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Cloning Elements with the Clone Stamp Tool in Photoshop Elements 9

3 of 12 in Series: The Essentials of Correcting Photos in Photoshop Elements 9

Photoshop Elements provides a Clone Stamp tool that takes sampled pixels from one area and copies, or clones, them onto another area. The advantage of cloning, rather than making a selection and copying and pasting, is that it’s easier to retain soft-edged elements, such as shadows. You can also use this tool for fixing flaws, such as scratches, bruises, and date/time stamp imprints.

1

Choose the Clone Stamp tool from the Tools panel in Edit Full mode.

Alternatively, press the S key to select this tool.

2

On the Options bar, choose a brush from the Brush Preset drop-down menu; adjust its size with the Size slider if necessary.

Keep in mind that the size of the brush you specify should be appropriate for what you’re trying to clone or retouch. Cloning with a soft-edged brush produces more natural results.

3

Choose your desired Blend Mode and Opacity percentage.

To make your cloned image appear ghosted, use an opacity percentage of less than 100 percent.

4

Select or deselect the Aligned option.

With Aligned selected, the clone source moves when you move your cursor to a different location. If you want to clone multiple times from the same location, leave the Aligned option deselected.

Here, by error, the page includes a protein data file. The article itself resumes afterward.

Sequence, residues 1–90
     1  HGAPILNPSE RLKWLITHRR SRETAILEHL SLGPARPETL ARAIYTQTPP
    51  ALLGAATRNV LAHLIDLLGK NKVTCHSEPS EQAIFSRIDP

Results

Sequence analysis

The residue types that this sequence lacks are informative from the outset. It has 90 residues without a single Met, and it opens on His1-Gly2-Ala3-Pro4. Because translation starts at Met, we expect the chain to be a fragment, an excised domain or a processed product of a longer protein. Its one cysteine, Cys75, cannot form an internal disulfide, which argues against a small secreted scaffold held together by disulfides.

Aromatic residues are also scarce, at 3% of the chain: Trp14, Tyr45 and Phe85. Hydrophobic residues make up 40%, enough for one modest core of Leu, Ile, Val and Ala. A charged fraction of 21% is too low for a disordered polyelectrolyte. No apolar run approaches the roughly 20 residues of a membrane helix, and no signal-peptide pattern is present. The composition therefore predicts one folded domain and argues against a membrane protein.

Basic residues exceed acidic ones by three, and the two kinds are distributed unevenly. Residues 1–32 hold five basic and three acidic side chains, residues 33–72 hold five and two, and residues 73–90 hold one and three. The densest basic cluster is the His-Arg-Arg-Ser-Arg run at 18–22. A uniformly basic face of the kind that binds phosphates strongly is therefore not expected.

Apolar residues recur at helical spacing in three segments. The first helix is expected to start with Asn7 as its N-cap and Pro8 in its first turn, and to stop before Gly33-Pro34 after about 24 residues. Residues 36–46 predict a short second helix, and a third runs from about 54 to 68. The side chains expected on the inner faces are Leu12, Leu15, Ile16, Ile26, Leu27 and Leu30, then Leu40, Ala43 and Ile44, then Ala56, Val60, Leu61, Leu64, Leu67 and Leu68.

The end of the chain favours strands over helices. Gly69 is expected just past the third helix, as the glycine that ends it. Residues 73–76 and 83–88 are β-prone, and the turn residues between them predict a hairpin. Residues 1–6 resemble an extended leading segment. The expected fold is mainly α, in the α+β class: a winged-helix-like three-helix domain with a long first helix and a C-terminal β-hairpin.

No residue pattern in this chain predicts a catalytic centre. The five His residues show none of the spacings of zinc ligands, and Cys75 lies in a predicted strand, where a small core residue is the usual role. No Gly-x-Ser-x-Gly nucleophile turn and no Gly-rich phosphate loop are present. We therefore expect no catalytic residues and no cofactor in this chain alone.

5

Select or deselect the Sample All Layers option.

This option enables you to sample pixels from all visible layers for the clone. If this option is deselected, the Clone Stamp tool clones from only the active layer.

6

Click the double rectangle icon if you want to display an overlay.

Displaying an overlay can be helpful when what you’re cloning needs to be in alignment with the underlying image. Adjust the opacity for your overlay. If you select Auto Hide, you will see a ghosted preview of how your cloned pixels will appear on the image. Select Clipped to have the overlay contained only within the boundaries of your brush. This usually makes it easier to more precisely clone what you want. Finally, select Invert to reverse the colors and tones in your overlay.

7

Alt-click (Option-click on the Macintosh) the area of your image that you want to clone.

This action defines the source of the clone.

8

Click or drag along the area where you want the clone to appear.

Elements displays a crosshair cursor and the Clone Stamp cursor. The crosshair is the source you’re cloning from, and the Clone Stamp cursor is where the clone is being applied. While you move the mouse, the crosshair moves, as well, so you have a continuous reference to the area of your image that you’re cloning. Watch the crosshair, or else you may clone something you don’t want.

When you’re retouching a flaw, try not to overdo it. One or two clicks on each flaw is usually plenty. If you’re heavy-handed with the Clone Stamp, you get a blotchy effect that’s a telltale sign something has been retouched.

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